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By Peter Stevenson MEMBERS of Volunteer Doctors Cyprus have treated around 350 people at their free clinic in Nicosia since it opened three months ago, while two more, one in Paphos and one in Polis are due to open today. Limassol also has a free clinic, which was opened only last month, and plans have been drawn ...
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Cyprus Internet Directory [ Our View: Maintaining the status quo has become the objective ]

Our View: Maintaining the status quo has become the objective

IT IS BACK to business for the Cyprus problem commentators and doomsayers this week, as talks resume on Tuesday and we enter yet another period billed as ‘critical’ by the experts. The Cyprus problem has entered hundreds of ‘critical phases’ over the years, but always emerges intact. Despite the devious scheming by foreign powers and the blatant bias of UN mediators the status quo is always preserved, to the mutual satisfaction of the two sides, until the next ‘critical’ phase arrives.

The maintenance of the status quo appears to have become the objective of both sides, even if the benefits are much greater for the Turkish side which is on the brink of the informal annexation of the occupied territory. This prospect does not seem to worry the Greek Cypriots who regularly identify dangers of a ‘speedy closure’ of the problem and issue stern warnings to the perpetrators. Opposition to rushing things has become official dogma, with President Christofias never tiring of reminding the world that he would never accept ‘asphyxiating time-frames’.

For the Greek Cypriots the problem has not matured enough to justify even a modicum of urgency in the process, the latest bout of which has been dragging on for two years. Inevitably, the Turkish side has been exploiting Christofias’ reluctance to up the pace of the procedure by calling for intensified talks with a view to reaching a deal by the end of this year. Thanks to this tactic, Dervis Eroglu, a hard-liner who had always opposed re-unification, has been able to market himself as a moderate a politician committed to reaching an agreement, while Turkey is posing as keen supporter of a deal.

Eroglu put Christofias on the spot last week, by announcing that he wanted the talks to be intensified on their resumption, on August 31. This prompted a rebuke from government spokesman Stefanos Stefanou, who advised Eroglu to make his proposals at the talks and not in public, while ignoring the fact that his own boss had announced his new package of proposals at a public gathering before submitting them to the other side. Christofias, subsequently said that he was not opposed to the idea.

The overriding impression is that both leaders have begun playing the blame-game in anticipation of a talks’ failure, despite their professed commitment to the continuation of the negotiations, which are reportedly going nowhere. However speculation is rife about the UN resorting to alternative means of pushing things forward. Apart from a possible meeting of the leaders with the UN Secretary-General in New York in September, which does not have Christofias’ support, there is already speculation about broadening participation in the talks to include Greece and Turkey, with some press reports suggesting that a repeat of the 2004 Burgenstock scenario was on the cards.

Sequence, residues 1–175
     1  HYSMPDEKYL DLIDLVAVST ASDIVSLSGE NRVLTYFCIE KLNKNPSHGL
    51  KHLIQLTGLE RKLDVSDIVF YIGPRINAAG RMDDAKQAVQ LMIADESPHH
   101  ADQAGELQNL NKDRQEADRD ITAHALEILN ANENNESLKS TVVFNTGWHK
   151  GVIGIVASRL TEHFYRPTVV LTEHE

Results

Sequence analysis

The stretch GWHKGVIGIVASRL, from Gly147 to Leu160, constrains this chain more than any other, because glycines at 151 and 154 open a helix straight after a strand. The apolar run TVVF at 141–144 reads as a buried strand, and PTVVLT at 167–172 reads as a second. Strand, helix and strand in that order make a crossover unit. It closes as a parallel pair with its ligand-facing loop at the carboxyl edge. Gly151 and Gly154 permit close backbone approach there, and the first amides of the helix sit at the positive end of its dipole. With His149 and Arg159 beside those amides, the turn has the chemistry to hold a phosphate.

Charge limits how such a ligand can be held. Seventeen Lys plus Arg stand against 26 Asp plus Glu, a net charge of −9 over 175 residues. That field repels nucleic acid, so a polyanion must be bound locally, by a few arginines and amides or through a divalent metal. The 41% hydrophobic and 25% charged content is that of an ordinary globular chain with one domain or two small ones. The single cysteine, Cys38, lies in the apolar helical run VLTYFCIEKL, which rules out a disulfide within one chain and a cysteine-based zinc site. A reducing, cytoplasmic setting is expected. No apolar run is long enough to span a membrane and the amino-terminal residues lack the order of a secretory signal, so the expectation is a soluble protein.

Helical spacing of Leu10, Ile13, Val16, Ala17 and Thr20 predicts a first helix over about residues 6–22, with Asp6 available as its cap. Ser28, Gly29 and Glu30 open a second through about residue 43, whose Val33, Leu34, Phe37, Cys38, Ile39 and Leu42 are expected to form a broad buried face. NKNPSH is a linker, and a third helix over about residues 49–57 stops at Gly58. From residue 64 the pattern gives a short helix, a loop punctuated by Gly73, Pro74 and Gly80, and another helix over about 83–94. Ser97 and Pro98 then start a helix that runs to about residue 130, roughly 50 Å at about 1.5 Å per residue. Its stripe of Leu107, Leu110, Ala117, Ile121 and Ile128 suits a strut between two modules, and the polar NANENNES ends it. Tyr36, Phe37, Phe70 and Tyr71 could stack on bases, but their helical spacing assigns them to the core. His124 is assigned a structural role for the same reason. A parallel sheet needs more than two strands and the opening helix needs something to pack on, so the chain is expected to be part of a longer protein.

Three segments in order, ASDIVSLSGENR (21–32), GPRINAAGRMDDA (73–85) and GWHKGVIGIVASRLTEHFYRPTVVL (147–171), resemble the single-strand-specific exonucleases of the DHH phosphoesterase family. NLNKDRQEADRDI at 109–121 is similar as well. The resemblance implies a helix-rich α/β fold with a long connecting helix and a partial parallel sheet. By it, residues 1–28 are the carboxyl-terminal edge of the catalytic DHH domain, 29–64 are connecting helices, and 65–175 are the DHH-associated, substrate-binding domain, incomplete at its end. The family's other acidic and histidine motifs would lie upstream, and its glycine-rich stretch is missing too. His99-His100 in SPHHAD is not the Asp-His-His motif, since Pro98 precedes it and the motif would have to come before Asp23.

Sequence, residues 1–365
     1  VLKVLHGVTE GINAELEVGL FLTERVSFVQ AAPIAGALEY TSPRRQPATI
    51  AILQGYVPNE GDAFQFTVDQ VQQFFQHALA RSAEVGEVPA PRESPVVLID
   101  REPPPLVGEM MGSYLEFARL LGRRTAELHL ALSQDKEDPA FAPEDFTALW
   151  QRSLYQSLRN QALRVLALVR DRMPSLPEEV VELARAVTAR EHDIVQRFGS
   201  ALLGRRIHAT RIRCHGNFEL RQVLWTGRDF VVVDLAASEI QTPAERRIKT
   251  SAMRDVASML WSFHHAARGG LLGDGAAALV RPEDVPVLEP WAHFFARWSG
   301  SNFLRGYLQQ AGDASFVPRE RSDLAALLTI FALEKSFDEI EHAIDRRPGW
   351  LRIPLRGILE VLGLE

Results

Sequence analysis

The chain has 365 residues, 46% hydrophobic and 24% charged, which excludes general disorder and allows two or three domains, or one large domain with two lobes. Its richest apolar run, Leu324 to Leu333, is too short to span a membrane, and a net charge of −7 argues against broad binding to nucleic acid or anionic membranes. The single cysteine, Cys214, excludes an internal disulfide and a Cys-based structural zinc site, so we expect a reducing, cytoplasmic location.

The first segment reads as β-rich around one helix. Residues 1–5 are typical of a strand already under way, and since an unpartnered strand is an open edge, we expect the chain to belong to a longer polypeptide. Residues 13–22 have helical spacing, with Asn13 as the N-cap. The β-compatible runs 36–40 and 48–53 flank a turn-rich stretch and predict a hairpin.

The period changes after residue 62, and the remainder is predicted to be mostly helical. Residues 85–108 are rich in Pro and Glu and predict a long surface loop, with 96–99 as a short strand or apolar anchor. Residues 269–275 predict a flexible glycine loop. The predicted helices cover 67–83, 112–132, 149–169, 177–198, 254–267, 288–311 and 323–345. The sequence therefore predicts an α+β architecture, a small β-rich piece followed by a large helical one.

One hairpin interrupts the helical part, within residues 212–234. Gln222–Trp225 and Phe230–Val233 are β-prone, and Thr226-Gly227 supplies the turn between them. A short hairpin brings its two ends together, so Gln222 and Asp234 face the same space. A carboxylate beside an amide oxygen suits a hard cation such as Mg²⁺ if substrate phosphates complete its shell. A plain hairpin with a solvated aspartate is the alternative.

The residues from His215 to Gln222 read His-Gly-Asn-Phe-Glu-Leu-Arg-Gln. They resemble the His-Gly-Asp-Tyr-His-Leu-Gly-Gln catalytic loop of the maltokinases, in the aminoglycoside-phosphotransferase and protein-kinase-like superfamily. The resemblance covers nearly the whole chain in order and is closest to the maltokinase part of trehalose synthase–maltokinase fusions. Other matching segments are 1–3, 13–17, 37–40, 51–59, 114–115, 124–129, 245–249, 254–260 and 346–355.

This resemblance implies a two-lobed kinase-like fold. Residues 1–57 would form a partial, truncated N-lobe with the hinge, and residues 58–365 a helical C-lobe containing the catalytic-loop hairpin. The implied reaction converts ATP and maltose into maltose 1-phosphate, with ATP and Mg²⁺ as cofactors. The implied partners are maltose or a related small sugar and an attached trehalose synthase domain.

In fact the latter option seems the only way forward, considering the two leaders are determined to carry on talking inconclusively for another two years if allowed to do so by the UN. Such a meeting, which could include the participation of the EU, appears to be the only way of bringing the two sides within range of an agreement, even though this is far from a foregone conclusion. As the US Secretary of State Hillary Clinton said in her video message, broadcast on Thursday night, “tough decisions will be required for a comprehensive solution.” But would either leader be prepared to take the tough decisions required?

Eroglu is in a better position as the final say for tough decisions belongs to Turkey, whose support of a solution would be truly tested at a broad international meeting, but Christofias cannot pass the responsibility on to anyone else. He has been on the receiving end of merciless criticism, domestically, for his alleged concessions in the talks and has shown he does not possess the strength or determination to take the tough decisions required for a deal. There is little doubt that he would have a much easier ride on the home front if he got through the latest critical phase, without reaching an agreement.

The painful truth is that the Greek Cypriot political establishment is comfortable with the status quo - this is why it insists on holding out for a deal that could never be achieved – as it does not want to share power with the Turks. As for the Turks, maintenance of the status quo allows them to hold on to everything they took in 1974, at no cost.

Perversely, both sides would consider failure of the imminent critical phase to yield results a win-win situation.

(Source: Cyprus Mail)
Copyright © Cyprus Mail 2008 Please contact Cyprus Mail for the copyright terms of this article.

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